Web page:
Lawson Accepts Golden Gate Takeover, Bucked Down to Private
May 2, 2011 Timothy Prickett Morgan
All of those shareholders of Lawson Software who had been hoping that perpetually hungry software giant Oracle might take a run at its much smaller software rival are no doubt sorely disappointed–and perhaps have lost a bit of money–now that Lawson last week accepted the original and unsolicited offer that Golden Gate Capital and its ERP software brand, Infor, made back in March.
Golden Gate offered $11.25 per share to take over Lawson. The reason for disappointment, if there is any, is that Lawson shares were trading as high as $13.06 a pop when people thought that someone might make a better offer, or that Lawson might play coy and hold out for more dough from the private equity giant. That original deal valued Lawson at $1.83 billion, net of cash and debts, and after Lawson said this morning before Wall Street opened that it had accepted the deal, the shares bled off 8.5 percent to $11.10.
Lawson is a public company that is the result of the merger of Lawson and Intentia International a few years back. And by accepting the offer, if Lawson shareholders do, they will be letting Golden Gate take Lawson private and merge it with the Infor application software unit it controls. The deal represents a 14 percent premium over Lawson’s share price on March 7, the last day before rumors started going around that Lawson was in play; Lawson’s top brass came clean on March 11 and admitted that they had retained Barclays Capital to analyze the Golden Gate/Infor offer and to look at other options. The deal also values Lawson at about two and a half times trailing 12-month revenues through the end of February 2011, and it is a 28 percent premium over Lawson’s closing price on January 10, which is the day before Lawson signed a non-disclosure agreement with Infor and the dance began.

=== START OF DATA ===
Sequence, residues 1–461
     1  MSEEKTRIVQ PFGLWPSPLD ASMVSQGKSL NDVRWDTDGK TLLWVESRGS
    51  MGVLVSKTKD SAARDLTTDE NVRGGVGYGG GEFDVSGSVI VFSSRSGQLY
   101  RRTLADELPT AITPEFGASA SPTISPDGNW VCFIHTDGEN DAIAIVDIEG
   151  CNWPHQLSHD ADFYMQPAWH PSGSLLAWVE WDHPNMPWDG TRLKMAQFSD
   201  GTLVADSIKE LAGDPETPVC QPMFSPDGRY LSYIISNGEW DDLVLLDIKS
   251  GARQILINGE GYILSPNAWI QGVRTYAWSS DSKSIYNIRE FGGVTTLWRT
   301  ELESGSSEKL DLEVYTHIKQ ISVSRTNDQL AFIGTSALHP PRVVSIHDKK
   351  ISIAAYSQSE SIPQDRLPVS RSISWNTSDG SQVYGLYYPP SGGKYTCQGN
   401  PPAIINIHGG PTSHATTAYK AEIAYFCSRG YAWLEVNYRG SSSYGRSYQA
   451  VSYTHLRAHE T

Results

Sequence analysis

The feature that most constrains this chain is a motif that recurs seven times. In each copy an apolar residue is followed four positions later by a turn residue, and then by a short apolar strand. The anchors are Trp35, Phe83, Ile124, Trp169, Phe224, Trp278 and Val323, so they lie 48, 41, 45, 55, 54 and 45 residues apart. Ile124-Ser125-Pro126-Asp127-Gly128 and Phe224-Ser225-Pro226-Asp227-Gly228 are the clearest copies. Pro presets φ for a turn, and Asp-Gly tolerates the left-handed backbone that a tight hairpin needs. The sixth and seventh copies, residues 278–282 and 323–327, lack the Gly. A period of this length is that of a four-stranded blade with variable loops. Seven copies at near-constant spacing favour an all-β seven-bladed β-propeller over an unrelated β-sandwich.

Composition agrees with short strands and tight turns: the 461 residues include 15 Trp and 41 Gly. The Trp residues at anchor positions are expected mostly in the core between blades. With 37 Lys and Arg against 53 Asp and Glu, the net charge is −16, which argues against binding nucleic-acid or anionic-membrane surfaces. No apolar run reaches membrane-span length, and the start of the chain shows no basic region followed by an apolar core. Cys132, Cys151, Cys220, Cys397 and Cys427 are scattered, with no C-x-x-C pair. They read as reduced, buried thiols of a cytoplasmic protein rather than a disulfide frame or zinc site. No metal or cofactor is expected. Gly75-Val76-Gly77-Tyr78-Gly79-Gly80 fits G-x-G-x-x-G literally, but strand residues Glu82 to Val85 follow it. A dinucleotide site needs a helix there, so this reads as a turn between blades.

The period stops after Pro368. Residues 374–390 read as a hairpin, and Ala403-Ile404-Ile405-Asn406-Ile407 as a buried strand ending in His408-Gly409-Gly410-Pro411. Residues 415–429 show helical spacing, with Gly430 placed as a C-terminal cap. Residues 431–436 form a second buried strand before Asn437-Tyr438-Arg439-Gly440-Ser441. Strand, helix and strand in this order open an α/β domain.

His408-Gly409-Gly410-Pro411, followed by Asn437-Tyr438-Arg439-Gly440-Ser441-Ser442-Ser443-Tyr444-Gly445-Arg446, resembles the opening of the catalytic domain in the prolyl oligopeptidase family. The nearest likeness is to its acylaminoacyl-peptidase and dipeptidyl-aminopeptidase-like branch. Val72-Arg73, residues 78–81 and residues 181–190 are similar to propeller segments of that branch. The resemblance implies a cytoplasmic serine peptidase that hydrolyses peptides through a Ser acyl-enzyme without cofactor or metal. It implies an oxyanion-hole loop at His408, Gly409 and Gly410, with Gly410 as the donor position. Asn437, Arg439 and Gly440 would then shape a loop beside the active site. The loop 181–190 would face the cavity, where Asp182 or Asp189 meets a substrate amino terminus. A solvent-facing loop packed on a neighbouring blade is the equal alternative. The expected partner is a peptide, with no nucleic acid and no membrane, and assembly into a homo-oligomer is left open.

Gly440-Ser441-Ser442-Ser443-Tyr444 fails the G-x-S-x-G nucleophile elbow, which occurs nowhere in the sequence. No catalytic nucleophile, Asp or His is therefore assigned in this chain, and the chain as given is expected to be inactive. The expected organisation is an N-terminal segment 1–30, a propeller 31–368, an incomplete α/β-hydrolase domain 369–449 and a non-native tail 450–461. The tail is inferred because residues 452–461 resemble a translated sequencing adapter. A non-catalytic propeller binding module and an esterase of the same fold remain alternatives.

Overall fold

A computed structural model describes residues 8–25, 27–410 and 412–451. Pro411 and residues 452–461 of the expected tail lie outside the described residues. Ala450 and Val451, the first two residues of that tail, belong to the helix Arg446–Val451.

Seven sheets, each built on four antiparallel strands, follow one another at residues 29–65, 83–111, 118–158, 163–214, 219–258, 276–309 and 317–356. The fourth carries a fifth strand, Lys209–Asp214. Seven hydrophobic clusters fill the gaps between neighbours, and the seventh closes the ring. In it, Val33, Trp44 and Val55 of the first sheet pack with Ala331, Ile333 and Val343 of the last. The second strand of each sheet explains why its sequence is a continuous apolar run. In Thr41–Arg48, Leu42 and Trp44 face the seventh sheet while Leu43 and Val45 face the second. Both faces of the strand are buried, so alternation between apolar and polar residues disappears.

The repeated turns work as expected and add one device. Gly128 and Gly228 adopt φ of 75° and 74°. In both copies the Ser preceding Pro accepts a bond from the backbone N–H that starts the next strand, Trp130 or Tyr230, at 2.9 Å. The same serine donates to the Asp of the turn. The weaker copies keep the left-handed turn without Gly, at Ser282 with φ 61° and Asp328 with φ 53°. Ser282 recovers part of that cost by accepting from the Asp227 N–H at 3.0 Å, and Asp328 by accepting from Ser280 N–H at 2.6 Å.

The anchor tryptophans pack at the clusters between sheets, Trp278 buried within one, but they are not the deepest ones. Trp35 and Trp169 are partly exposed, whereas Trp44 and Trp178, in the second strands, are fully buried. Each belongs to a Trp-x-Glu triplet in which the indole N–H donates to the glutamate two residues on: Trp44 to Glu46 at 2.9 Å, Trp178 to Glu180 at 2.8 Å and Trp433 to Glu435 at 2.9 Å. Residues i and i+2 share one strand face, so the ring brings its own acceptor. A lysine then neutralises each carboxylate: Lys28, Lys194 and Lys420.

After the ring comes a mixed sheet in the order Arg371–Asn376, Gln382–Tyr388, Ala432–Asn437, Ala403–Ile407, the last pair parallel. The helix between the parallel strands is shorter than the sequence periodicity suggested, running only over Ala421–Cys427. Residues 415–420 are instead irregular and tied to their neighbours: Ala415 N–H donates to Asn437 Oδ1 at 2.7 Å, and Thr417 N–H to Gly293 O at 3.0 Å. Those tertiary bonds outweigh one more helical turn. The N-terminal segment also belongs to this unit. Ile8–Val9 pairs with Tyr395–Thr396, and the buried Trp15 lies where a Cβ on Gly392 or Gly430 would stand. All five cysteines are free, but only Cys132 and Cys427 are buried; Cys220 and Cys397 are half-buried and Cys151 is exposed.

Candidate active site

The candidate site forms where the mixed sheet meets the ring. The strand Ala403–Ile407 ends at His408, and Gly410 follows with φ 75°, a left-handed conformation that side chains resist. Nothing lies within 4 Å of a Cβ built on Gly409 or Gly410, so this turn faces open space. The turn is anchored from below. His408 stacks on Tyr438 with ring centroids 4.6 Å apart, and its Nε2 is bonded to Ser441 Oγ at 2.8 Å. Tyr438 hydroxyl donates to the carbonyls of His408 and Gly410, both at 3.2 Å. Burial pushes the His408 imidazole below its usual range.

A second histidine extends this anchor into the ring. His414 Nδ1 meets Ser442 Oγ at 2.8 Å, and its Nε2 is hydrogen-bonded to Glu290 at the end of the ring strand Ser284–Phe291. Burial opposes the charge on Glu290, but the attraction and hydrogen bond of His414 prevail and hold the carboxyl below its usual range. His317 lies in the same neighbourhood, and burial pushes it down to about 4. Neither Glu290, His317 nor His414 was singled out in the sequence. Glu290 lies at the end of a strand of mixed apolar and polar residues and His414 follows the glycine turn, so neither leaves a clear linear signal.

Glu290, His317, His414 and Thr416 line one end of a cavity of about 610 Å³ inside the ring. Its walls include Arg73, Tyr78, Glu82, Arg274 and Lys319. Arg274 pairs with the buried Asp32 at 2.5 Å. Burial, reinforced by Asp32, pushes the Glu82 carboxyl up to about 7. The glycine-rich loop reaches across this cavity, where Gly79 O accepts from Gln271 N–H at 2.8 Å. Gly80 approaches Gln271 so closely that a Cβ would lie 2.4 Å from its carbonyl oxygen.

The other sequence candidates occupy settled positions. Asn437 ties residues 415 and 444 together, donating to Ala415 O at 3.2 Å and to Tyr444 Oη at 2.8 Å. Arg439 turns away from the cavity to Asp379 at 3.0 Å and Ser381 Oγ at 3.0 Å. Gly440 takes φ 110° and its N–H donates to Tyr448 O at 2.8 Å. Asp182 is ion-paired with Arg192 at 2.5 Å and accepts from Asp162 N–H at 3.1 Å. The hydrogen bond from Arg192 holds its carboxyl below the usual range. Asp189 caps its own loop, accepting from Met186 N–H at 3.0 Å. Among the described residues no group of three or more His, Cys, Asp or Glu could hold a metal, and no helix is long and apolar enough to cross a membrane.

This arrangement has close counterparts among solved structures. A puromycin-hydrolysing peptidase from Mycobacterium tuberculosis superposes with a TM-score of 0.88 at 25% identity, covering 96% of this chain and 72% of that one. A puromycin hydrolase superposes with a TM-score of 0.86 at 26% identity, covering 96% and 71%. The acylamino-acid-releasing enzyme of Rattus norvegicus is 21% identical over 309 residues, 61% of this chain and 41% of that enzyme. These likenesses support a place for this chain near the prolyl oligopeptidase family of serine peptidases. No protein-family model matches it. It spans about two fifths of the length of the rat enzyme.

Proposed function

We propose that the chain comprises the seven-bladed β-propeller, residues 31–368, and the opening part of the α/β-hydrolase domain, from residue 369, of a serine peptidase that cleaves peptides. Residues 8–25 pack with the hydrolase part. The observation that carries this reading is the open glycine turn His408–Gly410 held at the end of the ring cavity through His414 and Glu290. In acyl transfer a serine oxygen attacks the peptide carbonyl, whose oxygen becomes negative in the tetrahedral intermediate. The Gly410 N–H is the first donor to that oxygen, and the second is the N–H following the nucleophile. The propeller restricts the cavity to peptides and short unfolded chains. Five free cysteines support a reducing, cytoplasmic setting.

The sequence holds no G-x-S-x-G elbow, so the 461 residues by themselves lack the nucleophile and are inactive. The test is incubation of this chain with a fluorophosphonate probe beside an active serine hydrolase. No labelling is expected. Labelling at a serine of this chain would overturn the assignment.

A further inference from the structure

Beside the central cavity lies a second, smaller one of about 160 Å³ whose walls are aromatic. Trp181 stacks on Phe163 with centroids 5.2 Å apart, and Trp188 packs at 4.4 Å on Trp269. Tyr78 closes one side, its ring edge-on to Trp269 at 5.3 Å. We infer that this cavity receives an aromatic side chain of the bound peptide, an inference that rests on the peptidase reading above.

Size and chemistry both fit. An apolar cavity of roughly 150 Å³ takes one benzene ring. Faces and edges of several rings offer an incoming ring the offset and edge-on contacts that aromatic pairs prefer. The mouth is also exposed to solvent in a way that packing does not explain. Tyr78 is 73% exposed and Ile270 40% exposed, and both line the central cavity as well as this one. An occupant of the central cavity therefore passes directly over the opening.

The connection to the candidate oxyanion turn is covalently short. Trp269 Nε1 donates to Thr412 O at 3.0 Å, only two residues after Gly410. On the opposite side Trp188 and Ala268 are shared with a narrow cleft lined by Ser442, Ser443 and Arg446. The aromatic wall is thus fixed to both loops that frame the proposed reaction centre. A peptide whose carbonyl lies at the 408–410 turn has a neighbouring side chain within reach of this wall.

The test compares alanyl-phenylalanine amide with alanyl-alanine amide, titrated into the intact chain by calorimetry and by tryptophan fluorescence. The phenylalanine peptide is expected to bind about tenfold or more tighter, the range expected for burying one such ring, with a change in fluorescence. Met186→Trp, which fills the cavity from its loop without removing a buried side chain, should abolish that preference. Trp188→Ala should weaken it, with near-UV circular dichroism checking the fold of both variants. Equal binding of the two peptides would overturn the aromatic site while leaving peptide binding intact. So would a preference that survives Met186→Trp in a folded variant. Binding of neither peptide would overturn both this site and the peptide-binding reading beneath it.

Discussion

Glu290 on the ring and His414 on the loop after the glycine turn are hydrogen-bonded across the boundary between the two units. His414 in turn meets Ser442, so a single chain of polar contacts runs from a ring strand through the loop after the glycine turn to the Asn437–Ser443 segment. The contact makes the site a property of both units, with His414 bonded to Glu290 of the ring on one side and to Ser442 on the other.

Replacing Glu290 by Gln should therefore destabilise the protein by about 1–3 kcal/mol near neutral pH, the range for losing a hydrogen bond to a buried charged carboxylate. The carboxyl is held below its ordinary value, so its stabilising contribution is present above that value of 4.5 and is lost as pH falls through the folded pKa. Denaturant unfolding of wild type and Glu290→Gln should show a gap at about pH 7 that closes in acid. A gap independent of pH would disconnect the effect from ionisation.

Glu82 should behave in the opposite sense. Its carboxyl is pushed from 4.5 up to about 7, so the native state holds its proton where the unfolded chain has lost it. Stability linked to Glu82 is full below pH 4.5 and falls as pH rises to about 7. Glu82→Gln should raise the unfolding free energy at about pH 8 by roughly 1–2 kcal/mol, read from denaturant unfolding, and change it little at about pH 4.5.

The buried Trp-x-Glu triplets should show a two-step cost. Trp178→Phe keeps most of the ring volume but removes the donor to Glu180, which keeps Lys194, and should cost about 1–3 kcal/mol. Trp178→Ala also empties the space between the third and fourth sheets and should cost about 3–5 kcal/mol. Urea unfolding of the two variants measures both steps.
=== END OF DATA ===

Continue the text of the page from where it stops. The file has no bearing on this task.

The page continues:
Activist investor Carl Icahn, who has built up a 10.8 percent stake in Lawson, has been clear that he wants the company to be sold. The statement put out by Lawson and Infor announcing the deal has been accepted said that the Lawson board unanimously approved the deal and that board members, who collectively own approximately 9 percent of the company’s shares, have agreed to the deal Golden Gate is proposing. So that is basically a fifth of the shares already accounted for, if Icahn likes the numbers.
In that statement, Lawson said that it reached out to other potential buyers who might have wanted to acquire all or bits of Lawson as part of its due diligence. Lawson would not confirm if it had received any offers from another party. “There was no other superior proposal that we received,” Terry Blake, Lawson’s spokesman, said when asked about other offers. “The board determined that this was the best path for stockholders.”
It certainly was the best path for Charles Phillips, the ex-president of Oracle who left the software giant a few months back to become chief executive officer at Infor.
In a letter to customers, Phillips talked mostly about the synergies between Infor and Lawson, which are each composed of multiple firms with long and deep histories in the midrange applications space. Phillips also wanted to assure companies that Lawson’s S3 and M3 products would continue to be enhanced.